Insulation on prescription?
Fuel poverty is becoming a topic more frequently discussed; in the news, and in politics. With the general election now only weeks away and the campaigning starting in full we are watching with interest what the different manifestos are going to be saying about fuel poverty and the best methods of alleviating this.
There are a number of reasons to support measures to alleviate fuel poverty; social, economic and environmental. There have been many reports in the national press (The Telegraph) about the link between health and warmth in homes. The recent publication of the Fuel Poverty Advisory Group Report 2014 shows some of the costs of cold homes, including the following figures;
- Cold homes are estimated to burden the NHS with costs of £1.36 billion per annum.
- It is also a known contributor to the 25,000 ‘excess winter deaths’ per year in England and Wales.
So will doctors be prescribing insulation to help save lives?
A pilot scheme in Sunderland last year (The Guardian) suggested that measures to improve energy ratings of homes had a major effect on the quality of life of the residents, and a reduction in the number of visits to their GP or hospital.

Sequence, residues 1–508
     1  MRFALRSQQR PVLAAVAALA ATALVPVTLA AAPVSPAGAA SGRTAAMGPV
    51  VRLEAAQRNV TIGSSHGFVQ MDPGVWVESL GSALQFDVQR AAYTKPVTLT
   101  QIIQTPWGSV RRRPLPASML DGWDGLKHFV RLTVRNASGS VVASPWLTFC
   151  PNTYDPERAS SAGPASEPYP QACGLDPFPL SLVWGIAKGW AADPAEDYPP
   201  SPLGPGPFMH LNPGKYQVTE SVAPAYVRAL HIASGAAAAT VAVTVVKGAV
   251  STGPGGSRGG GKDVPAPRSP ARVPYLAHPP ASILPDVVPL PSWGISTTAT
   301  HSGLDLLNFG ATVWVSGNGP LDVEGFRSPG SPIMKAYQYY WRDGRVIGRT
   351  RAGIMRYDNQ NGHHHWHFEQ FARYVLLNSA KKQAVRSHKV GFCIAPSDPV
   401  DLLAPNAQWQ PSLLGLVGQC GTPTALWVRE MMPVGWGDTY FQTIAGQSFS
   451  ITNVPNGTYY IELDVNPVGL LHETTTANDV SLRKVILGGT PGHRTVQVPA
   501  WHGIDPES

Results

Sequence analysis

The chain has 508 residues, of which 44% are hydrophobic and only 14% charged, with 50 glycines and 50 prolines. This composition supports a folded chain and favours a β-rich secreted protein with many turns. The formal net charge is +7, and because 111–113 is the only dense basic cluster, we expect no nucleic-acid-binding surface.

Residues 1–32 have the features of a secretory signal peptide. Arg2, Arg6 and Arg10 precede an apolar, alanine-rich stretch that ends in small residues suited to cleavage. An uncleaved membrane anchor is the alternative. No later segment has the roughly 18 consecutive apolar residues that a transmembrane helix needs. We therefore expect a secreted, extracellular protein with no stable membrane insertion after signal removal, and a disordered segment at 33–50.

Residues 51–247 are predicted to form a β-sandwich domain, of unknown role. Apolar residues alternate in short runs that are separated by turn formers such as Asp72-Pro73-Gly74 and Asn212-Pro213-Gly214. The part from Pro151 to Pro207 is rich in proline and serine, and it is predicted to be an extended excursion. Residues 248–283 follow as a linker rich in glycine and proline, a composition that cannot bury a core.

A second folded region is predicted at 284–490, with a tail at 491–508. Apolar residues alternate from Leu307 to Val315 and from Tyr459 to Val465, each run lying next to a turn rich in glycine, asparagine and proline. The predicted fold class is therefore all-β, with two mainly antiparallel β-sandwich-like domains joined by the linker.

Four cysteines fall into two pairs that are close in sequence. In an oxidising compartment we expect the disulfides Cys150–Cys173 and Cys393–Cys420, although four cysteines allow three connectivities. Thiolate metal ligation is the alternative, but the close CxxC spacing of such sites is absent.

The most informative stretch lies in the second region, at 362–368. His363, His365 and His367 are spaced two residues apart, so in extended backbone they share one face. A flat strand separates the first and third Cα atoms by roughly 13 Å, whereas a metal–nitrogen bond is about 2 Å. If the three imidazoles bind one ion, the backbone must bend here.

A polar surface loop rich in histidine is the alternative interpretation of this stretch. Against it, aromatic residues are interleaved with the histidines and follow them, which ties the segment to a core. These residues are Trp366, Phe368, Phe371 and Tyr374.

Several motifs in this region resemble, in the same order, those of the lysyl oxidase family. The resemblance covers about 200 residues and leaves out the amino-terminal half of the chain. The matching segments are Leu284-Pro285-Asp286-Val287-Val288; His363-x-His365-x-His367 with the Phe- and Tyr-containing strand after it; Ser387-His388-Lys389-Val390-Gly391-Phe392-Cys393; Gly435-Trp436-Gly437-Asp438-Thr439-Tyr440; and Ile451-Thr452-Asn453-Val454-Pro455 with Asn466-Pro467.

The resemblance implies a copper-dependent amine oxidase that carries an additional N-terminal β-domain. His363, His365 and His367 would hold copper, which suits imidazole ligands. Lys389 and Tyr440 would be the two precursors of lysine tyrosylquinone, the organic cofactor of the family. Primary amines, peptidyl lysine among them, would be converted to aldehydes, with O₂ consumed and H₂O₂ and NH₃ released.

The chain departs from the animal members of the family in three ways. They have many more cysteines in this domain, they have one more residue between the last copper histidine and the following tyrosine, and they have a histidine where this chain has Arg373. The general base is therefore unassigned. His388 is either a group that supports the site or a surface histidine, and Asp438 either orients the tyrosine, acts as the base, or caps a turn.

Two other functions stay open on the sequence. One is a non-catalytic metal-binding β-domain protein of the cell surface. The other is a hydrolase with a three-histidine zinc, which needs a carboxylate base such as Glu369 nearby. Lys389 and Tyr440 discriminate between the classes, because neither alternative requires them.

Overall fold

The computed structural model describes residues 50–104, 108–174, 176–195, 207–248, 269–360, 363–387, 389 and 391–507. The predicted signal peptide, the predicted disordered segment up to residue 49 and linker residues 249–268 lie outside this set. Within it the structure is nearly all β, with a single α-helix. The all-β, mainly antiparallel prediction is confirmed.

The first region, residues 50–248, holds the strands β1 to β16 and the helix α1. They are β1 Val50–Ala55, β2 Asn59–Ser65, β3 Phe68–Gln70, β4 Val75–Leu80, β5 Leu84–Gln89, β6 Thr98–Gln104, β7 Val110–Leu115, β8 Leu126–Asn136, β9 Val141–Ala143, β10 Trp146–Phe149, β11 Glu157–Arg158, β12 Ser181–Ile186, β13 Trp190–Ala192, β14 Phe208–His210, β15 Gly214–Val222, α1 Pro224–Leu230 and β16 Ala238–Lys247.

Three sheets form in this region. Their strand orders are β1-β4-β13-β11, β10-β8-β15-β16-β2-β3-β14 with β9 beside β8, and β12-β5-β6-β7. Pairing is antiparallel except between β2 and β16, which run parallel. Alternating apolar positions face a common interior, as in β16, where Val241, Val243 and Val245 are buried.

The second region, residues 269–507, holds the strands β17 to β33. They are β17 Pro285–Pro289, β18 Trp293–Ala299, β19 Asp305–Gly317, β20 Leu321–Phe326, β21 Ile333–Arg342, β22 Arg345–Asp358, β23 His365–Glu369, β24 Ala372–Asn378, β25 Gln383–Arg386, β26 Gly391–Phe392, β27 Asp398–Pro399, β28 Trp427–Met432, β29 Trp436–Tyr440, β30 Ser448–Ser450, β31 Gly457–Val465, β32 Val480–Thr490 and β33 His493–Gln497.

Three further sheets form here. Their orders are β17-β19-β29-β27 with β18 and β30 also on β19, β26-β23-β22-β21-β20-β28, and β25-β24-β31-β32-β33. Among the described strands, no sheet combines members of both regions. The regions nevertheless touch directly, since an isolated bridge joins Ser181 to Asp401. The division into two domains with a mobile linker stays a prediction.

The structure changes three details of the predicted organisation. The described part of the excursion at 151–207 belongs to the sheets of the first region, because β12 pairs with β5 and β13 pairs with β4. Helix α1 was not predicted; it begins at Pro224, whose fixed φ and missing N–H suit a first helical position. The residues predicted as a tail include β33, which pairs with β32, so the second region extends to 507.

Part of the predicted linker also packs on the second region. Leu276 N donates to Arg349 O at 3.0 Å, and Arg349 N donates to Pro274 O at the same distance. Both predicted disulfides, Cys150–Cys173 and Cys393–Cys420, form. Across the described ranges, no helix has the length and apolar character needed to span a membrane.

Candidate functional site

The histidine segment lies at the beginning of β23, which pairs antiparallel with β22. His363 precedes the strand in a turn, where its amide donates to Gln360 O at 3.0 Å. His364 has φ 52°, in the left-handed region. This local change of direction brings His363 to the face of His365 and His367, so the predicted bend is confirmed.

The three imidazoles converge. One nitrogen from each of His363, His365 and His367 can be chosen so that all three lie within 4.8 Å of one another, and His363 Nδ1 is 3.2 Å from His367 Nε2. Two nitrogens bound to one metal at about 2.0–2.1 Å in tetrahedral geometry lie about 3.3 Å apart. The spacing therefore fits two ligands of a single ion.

One of the measures that the previous Government has put in place is a new law which sets out regulatory requirement for “as many fuel poor homes as is reasonably practicable achieve a minimum energy efficiency standard of Band C by 2030” and a strategy for interim targets by 2020 and 2025.
Improving the energy efficiency of homes is a key aspect of alleviating fuel poverty, but this has to involve a fabric first approach – even if the most energy efficient, ‘environmentally friendly’ boiler is fitted, it will still be expensive to run if all the heat is lost through the walls and the roof – wasting all that efficiency.
So let’s hope that the link between energy efficiency and health is one that will work its way through into policy whichever colour of government comes into power after 7th May.
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